The rider, already caked with mud, dropped down the slope and followed the line into the puddle just as many before her had. A thick plume of brown water shot into the air, coating the tires with another layer of muck. Clearly, the race wasn’t going to be as straight-forward as predicted.
The Austin weather predictions called for sunny skies and moderate temps leading up to the Mellow Johnny’s Classic race, held at Lance Armstrong’s Juan Pelotta Ranch. Instead organizers got “piss down” rain (as one would describe it) both Friday and Satruday, leaving the course rutted and worn-down for Sunday.
Which of course sounds like the perfect conditions for a mountain bike race.
Hundreds made the trek (pardon the pun) to Lance’s secluded Hill Country hideaway to participate in the Livestrong fundraiser, a highlight of this year’s Texas Mountain Bike Racing Association’s calendar. Doubtless many more were there to catch a glimpse of the Tour de France champion and his abode.
With the presence of Lance guaranteed both the crowds and the expo area saw a higher-than-average surge–it’s not your average regional mountain bike race where the Trek and SRAM pit vans are out lending test bikes to racers, and Trek Travel gave away a trip for two while Trek handed out a District belt-drive urban bike. Nuun, FRS, Rapha, Mellow Johnyy, Fisher booths and food vendors?–this looks more like a New England Mountain Bike Festival than a local race series.
Interesting is the gentrification of the sport–when I began covering mountain bike races in the 80’s the average racer was in their twenties, often living out of their car and eating ramen. A family event now, mountain bike races draw in whole clans including spouses, children and their associated camping gear. Many vanagons in the lot contained half-a-dozen kids from several families huddled around a portable DVD player. One pickup truck in the lot near my rental car was filled to the brim with a mix of mountain bike gear and plastic toys.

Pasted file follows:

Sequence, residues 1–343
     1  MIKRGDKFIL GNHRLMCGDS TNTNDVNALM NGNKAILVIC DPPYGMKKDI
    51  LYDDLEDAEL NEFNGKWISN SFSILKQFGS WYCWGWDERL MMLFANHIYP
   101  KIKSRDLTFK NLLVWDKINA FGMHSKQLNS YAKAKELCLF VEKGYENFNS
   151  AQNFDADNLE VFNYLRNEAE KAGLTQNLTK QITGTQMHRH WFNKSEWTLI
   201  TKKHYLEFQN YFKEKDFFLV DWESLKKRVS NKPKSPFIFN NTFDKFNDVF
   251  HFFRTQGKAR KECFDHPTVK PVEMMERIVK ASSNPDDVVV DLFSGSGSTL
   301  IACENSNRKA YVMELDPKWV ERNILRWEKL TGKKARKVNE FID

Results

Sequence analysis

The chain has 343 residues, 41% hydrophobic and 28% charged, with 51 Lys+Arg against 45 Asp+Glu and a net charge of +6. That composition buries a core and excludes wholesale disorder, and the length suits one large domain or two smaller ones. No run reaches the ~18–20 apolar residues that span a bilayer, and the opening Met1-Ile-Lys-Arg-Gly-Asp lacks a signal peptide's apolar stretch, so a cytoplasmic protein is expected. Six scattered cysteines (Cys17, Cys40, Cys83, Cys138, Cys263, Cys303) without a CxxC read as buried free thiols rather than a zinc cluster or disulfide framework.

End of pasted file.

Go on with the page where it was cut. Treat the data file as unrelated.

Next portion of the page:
As the early-morning chill wore on endlessly the Cat 2 and then Cat 3 racers took turns flailing around the ultra-slick course coating their bike with the slow-drying muck. One racer told us after two laps on the eight-mile course that it felt like he was “being pulled backwards, even on the straightaways” by the mud.
Just before the announced Pro/Cat 1 crowds had begun to gather at the start line near which pro racer Dave Wiens stood vastly under-apprecaited as Lance’s kids rode up on an ATV. One of the under-12 category “men’s” class racers raced up to Wiens and asked for a photo while nearly every other set of eyes were focused on the approaching Armstrong.
For spectators hoping to get a view of Lance racing down competitors on his own home turf, it was not to be–as Lance would later tweet “Agh!!!!! Wha?!? Flatted out of the @mellowclassic – running second to @jeremyhk. I didn’t think the flat gods would do this @ my own place!”
It would not be a stretch to imagine this event gaining momentum and becoming the mountain bike equivalent of the Livestrong Challenge, albeit at a more mellow (ahem) level as trails can only accommodate so many riders.
But there’s never too much mud.